We’ve had some choppy markets and that’s fine by me. Great investors love uncertainty because volatility equates to opportunity. Selling or shorting into volatile euphoria and buying into panic is a time-tested, wealth creating strategy. On the other hand, when everything is consistently moving in one direction, either upwards or downwards, investing can be an easy and straight forward momentum game. Buy something and watch it go up…short something and watch it go down.
In tough, choppy, trendless markets, identifying trends by active traders becomes more challenging. During tricky markets like we’re in now is when the wheat gets separated from the chaff. Day traders and speculators act on a zig one day and are forced to zag the next. Because of the volatile, whippy market dynamics, this type of active trading by individuals rapidly destroys portfolios, not only because of the transaction costs and taxes, but also due to impact costs and spread losses (i.e., bid-ask).
Often, the greater losses come from the behavioral aspects of active trading. Performance chasing and/or the pursuit of overzealous loss mitigation frequently are driven by the destructively entrenched emotions of fear and greed. In the past, I can’t tell you how many times I have rushed into a highflying stock, only to see it pull back down -15-20%, in short order. On the flip side, how often have stocks bounced significantly, after I’ve made a panicked sale? Too many, unfortunately. Most investors don’t take to heart the fact that whenever you initiate a trade, you need to be right twice to optimize your profits. In other words, the security you initially sell needs to go lower (i.e., you should have kept the original investment), AND the security you subsequently buy needs to go higher (i.e., you shouldn’t have purchased the new investment in the first place).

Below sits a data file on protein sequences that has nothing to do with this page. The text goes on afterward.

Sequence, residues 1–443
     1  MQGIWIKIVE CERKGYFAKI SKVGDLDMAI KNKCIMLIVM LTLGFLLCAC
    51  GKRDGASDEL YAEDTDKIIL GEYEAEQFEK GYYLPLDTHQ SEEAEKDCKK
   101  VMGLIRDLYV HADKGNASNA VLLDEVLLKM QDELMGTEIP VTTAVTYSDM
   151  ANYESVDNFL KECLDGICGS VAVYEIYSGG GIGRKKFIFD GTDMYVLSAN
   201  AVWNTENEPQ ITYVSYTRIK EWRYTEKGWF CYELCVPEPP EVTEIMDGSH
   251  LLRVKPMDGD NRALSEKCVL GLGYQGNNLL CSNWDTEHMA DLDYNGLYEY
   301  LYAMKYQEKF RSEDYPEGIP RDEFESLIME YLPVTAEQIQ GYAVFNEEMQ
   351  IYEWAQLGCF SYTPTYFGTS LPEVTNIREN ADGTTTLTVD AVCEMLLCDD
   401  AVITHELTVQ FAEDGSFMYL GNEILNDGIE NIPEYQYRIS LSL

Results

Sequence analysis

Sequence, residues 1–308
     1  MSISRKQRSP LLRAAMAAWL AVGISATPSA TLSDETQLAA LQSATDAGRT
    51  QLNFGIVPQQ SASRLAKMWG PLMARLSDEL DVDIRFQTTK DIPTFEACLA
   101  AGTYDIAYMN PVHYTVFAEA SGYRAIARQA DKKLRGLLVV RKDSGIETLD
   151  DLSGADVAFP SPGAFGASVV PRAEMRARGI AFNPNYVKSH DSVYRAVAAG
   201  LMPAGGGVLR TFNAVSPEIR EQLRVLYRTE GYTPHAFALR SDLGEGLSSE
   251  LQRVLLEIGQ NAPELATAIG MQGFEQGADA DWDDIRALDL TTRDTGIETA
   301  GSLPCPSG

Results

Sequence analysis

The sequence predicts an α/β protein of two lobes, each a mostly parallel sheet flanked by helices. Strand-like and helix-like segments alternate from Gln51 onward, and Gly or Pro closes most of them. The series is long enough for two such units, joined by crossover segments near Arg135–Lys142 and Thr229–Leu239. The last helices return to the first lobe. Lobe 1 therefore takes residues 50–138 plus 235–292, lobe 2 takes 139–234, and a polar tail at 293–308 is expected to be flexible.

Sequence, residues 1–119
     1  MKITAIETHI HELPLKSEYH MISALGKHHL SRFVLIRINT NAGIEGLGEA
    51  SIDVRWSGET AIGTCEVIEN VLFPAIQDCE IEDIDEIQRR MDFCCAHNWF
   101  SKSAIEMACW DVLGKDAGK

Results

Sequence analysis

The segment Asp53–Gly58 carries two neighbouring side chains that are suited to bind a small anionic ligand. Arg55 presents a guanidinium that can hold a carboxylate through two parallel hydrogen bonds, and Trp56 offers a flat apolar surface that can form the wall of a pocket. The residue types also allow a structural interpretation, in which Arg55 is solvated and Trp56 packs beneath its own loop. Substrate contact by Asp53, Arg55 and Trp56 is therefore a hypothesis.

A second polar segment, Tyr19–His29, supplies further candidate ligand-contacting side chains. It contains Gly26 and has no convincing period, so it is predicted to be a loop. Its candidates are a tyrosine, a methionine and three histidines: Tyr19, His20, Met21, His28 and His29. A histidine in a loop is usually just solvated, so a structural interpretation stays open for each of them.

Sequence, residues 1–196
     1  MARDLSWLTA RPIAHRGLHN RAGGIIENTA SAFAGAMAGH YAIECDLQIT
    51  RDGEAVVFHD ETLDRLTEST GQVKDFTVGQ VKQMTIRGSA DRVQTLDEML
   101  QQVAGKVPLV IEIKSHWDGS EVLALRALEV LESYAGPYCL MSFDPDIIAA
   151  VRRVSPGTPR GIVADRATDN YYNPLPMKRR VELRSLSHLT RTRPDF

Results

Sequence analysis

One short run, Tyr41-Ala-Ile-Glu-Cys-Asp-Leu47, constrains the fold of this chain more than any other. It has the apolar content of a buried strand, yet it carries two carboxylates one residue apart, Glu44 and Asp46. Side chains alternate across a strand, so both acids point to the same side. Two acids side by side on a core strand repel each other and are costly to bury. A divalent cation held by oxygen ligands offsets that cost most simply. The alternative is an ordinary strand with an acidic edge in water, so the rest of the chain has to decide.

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Even in the cases in which the balance of the buy/sale trades becomes a wash, the trading costs and taxes will eat the active trader alive. Unfortunately, the other outcome of losing on both sides of the trade (the purchase goes lower and sale goes higher) is all too common. For example, the purchase you falls by -3%, and the investment you sold climbs +10%. Doing nothing would have been the best outcome!
All this investment tail-chasing inevitably results in a lot of portfolio bloodletting. There is plenty of academic research that shows practically all day traders lose money. Terrance Odean from Cal-Berkeley used 14 years of day trader data to conclude that more than 98% of day traders lose money. Even for those traders able to make a profit in the short run, usually the success doesn’t last very long:
- 40% of day traders quit within a month
- 87% of traders quit within 3 years
- 93% of traders quit within 5 years
Other sources besides Odean show the percentage of day trading losers as greater than 95%, and if you don’t trust the academic data, then simply ask your accountant what percentage of his/her active trading clients make a profit, after considering all taxes and trading costs.
While I may not necessarily fully rejoice in the pain and carnage of day traders, I am always thankful for these choppy markets. Without volatility, anybody can make money in upward trending markets (e.g., day traders did better in the mo-mo 1990s), but in those markets long-term opportunities become sparse. Without the transitory headlines of tightening Federal Reserve policy, negative interest rates, a strong dollar, and political dysfunction, I would not have a professional investing job. And for that blessing, I want to sincerely say, “Thank you volatility.”